Ukraine, which currently holds a seat on the U.N. Security Council, sold the South Sudanese government 830 light machine guns and 62 heavy machine guns in 2014, according to the panel. More importantly, Kiev has emerged as Juba’s key supplier of attack helicopters. South Sudan currently has three operational Mi-24 helicopter gunships and is awaiting delivery of a fourth. The helicopters were purchased for more than $42 million from a Ukrainian company called Motor Sich, according to the panel. The prices for those helicopters, according to the report, are “inflated.”
The panel could not say for certain whether Ukrainian nationals were servicing or operating the helicopters inside the country. But the panel noted “multiple occasions” when foreigners, possibly Ukrainian, were seen servicing the helicopters in Juba. For instance, on Nov. 26, 2015, the panel saw “ten Caucasian and three African individuals” working on the helicopters following a military operation in then-Western Equatoria state. Some were dressed in military fatigues and civilian clothing, while one was dressed in a pair of overalls with Motor Sich stamped on the back.
South Sudan is also seeking to finalize the purchase of four additional attack helicopters from a Kampala-based security firm, Bosasy Logistics, with links to Uganda’s national security establishment, according to the report.
“These helicopters have been vital in providing an important advantage in military operations, have facilitated the expansion of the war and have emboldened those in government who are seeking a military solution to the conflict at the expense of the peace process,” the panel wrote.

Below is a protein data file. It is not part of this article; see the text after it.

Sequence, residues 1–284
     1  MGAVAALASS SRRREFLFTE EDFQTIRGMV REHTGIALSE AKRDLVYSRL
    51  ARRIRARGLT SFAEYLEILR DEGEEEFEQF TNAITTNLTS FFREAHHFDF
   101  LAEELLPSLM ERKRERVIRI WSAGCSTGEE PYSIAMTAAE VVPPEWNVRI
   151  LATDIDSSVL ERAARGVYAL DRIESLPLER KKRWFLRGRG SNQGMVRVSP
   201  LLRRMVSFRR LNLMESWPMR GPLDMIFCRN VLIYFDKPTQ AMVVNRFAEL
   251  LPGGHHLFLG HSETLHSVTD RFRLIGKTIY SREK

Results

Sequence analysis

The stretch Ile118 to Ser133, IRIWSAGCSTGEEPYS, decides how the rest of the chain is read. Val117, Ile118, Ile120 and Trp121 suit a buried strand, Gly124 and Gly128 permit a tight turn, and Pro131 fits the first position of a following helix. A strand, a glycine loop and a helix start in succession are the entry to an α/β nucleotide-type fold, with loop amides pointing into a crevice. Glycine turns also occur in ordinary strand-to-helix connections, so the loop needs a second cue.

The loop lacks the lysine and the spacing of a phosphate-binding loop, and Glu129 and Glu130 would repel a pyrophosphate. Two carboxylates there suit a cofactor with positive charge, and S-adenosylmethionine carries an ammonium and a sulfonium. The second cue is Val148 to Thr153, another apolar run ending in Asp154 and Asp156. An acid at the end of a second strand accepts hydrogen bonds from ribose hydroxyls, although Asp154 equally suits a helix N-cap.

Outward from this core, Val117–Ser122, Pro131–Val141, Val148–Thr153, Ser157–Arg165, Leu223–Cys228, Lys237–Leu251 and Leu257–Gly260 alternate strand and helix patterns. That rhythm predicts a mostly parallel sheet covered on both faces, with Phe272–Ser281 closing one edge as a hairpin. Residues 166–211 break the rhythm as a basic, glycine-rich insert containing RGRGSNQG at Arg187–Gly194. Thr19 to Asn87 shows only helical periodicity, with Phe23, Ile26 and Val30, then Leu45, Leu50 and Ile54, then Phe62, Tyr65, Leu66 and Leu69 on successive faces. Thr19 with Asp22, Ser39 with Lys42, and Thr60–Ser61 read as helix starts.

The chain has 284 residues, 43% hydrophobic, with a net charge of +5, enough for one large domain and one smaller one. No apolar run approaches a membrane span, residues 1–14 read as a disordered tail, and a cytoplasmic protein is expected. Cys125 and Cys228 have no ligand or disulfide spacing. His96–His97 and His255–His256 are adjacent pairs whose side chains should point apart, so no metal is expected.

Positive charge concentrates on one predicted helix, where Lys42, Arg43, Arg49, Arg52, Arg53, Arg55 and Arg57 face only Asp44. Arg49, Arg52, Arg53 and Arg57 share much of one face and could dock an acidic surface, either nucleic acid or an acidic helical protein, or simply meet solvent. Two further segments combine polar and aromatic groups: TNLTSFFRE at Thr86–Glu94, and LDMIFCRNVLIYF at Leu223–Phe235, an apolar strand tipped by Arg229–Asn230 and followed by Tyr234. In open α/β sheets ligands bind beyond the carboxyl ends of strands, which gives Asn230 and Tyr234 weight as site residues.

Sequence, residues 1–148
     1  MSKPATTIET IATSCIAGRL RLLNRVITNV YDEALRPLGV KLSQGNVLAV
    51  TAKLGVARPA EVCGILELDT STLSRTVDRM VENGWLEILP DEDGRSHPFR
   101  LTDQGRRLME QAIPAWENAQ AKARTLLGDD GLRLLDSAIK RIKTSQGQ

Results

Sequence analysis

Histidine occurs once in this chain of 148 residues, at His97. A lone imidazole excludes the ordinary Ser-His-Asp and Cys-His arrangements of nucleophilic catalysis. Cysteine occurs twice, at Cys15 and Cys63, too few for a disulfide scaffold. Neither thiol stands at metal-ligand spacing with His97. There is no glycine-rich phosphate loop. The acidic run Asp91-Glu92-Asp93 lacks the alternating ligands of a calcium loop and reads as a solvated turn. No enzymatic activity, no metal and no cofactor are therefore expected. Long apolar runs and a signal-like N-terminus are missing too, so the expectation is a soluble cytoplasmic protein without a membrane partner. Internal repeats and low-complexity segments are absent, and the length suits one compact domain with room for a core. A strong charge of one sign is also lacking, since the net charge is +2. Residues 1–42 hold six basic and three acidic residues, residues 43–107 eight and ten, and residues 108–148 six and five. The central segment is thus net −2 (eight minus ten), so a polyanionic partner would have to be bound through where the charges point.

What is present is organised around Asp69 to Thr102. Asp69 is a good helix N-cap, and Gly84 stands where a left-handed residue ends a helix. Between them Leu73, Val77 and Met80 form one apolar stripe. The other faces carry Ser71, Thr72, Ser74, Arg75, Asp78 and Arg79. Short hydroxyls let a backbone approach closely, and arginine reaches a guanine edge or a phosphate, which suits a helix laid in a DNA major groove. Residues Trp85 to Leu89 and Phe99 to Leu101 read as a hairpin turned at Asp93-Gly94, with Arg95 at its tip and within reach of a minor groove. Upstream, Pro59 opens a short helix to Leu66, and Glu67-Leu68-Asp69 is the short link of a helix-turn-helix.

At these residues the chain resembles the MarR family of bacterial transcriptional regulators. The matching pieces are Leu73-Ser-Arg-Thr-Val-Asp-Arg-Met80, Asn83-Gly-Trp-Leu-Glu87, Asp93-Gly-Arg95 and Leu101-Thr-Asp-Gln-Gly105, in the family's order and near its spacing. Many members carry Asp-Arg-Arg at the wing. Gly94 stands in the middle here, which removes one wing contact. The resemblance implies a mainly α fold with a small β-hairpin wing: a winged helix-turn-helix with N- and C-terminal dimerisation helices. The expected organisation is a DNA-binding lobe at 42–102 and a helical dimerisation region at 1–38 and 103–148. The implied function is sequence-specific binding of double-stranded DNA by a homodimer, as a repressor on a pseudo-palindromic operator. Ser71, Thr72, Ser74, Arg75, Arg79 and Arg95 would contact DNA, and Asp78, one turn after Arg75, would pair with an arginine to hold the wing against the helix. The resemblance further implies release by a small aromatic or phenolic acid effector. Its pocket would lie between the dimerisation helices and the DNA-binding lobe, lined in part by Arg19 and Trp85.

A spokesman for the Ukrainian mission to the United Nations said his government had cooperated with the panel of experts and confirmed the sale of helicopters. But he noted that the export of weapons to South Sudan, which is not subject to an arms embargo, does not violate any laws.
Following a relative lull in bloodshed in 2014, violence has spiked during the past year, including government offensives in the former provinces of Greater Upper Nile, Unity, and Western Equatoria.
Backed by allied militias, government soldiers last April carried out a “scorched earth” campaign in Koch, Rubkona, and Guit counties in then-Unity state, burning local homes, known as tukuls, killing women and children, and looting livestock.
In March 2015, the Security Council established a regime of targeted financial and travel measures that would be imposed on South Sudan’s government or the country’s armed opposition groups if they abused human rights, undermined the peace process, or interfered with international diplomatic, peacekeeping, or humanitarian efforts. A few months later, on July 1, the council imposed a travel ban and asset freeze on six rival commanders from the two sides.
It remains anything but certain that the council will act on the panel’s recommendation to impose sanctions on Kiir, Machar, or any of their top lieutenants. The United States has resisted calls for the imposition of an arms embargo, arguing that it would unfairly tip the balance in favor of the rebel forces. Angola, China, and Russia are also opposed to new sanctions. But Britain, France, New Zealand, and other council members support an arms embargo.
“This new report’s unvarnished findings confirm that an arms embargo is long overdue in South Sudan,” said Akshaya Kumar, the deputy U.N. director for Human Rights Watch. “The council is now on notice that allowing either side to acquire more weapons will mean more abuses and civilian deaths.”